Shane Smyth’s book review for the MARQUES blog, Class 46.

Book review: A User's Guide to Trademarks and Passing Off by Nicholas Caddick QC, Ben Longstaff, Jamie Muir Wood and Charlotte Duly.

This article was first published on the MARQUES website on December 28, 2022 here

I must admit that sometimes when I see a book with the heading A User’s Guide, I get the heebie-jeebies. This is because as an IP attorney, I so often come across terms such as the relevant public and the informed user.

It is the word “guide” that amounts to a disservice. Now in its fifth edition, this has become a loyal companion and has been informing users since I was a young lad. Newly on board to the editorial team are James Muir Wood (barrister at Hogarth Chambers) and Charlotte Duly (trade mark attorney at Charles Russell Speechlys and member of the MARQUES Education Team).

The fallout of Brexit is specifically addressed, an issue which crosses my own desk on an almost daily basis. Not for the faint hearted are the UK statutory provisions and jurisprudence in relation to groundless threats and including potential liability against a professional advisor. A whole chapter is devoted to groundless threats and on how to navigate these waters.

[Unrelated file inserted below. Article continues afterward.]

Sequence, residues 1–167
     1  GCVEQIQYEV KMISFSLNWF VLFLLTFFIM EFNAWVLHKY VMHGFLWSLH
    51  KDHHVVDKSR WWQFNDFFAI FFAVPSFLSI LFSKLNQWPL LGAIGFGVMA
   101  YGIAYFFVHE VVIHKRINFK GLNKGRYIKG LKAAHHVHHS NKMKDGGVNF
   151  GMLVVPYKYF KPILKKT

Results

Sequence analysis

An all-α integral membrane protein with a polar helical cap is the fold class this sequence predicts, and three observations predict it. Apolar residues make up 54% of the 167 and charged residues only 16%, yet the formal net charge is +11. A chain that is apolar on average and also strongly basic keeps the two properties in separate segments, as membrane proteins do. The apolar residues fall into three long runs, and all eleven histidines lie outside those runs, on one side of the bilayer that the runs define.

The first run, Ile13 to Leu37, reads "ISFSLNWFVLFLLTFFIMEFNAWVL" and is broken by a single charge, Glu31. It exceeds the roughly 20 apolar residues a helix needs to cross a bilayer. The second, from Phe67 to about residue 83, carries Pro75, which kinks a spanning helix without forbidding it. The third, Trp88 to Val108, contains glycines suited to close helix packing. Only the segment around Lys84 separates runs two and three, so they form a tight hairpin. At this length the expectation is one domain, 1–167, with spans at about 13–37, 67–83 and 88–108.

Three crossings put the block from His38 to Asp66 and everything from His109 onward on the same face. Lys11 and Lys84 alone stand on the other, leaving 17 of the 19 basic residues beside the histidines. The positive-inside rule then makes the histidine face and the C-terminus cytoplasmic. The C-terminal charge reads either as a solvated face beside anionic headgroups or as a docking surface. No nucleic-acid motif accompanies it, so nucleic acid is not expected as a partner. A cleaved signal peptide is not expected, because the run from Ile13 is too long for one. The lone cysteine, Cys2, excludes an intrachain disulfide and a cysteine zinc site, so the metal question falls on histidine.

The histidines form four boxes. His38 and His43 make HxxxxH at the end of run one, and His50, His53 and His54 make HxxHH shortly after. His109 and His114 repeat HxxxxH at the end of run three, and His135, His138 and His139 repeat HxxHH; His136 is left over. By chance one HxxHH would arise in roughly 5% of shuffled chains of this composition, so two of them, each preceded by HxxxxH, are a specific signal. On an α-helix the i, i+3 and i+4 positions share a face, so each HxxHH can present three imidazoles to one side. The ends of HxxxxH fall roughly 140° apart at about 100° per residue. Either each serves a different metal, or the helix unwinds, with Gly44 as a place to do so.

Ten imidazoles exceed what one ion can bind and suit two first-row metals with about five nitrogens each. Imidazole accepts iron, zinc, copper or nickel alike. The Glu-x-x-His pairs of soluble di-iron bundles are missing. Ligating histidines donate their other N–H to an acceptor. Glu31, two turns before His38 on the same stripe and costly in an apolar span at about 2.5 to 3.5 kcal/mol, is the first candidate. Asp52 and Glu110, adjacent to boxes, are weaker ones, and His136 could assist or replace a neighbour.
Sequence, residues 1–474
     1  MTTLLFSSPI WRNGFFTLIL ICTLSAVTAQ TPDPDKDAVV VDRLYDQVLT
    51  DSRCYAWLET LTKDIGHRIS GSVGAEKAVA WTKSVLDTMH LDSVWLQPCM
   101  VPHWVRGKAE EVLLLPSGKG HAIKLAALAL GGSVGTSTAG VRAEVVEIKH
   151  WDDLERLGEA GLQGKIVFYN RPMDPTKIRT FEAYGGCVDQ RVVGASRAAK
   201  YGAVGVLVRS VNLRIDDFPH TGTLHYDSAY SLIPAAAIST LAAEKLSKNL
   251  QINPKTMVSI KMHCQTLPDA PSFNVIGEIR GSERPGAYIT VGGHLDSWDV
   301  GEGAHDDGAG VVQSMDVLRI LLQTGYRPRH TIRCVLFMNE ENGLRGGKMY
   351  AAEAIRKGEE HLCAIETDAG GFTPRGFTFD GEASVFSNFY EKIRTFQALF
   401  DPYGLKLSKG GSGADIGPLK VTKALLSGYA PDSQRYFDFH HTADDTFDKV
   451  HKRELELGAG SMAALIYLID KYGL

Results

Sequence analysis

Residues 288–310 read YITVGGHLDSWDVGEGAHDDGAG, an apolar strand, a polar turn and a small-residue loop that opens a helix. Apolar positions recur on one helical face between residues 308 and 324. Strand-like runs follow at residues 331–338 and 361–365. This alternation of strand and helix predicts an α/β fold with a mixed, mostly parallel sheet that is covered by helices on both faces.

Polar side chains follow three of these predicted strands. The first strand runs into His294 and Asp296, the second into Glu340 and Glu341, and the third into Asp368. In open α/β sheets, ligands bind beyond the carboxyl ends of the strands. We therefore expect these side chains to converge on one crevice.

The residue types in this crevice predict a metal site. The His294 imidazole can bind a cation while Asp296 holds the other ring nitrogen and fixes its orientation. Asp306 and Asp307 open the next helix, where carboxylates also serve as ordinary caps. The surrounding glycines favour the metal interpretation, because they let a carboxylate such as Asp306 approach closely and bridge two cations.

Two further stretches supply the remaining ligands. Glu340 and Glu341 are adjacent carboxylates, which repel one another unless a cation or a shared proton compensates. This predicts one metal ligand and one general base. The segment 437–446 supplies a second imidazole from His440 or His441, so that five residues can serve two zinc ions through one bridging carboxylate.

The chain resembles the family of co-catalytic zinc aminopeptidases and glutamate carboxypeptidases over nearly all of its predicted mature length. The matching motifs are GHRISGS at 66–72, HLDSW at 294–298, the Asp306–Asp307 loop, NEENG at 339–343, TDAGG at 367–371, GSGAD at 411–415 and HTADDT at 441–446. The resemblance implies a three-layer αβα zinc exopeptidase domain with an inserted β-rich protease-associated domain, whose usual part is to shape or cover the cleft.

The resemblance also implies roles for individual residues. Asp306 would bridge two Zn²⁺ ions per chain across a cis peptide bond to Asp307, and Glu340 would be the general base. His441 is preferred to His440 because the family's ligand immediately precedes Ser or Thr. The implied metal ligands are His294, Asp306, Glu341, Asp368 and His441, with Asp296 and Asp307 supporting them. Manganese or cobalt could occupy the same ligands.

While you may have at least a degree of familiarity with the law of passing off, there are other common law actions and I particularly found useful the summation on the law of malicious falsehood which tends to be somewhat of a back burner. That cannot be said of the latest developments in search orders following the 2020 Court of Appeal judgment in TBD (Owen Holland) Ltd v Simons & ors.

It is inevitable that in the future there will be at least some degree of variance between UK jurisprudence and that prevailing in the European Union or indeed UK jurisprudence on areas of trade mark law in which there is a paucity of EU case law. This is where this companion and any future edition will take centre stage in sending me in the right direction as I seek precedent.

The front cover of the fifth edition features a pair of Louboutin shoes. I wonder if we are in the realm of an oxymoron because although these shoes may not be fit for walking, you can certainly strut with this companion by your side.


Please upgrade your browser. This website is not compatible with Internet Explorer.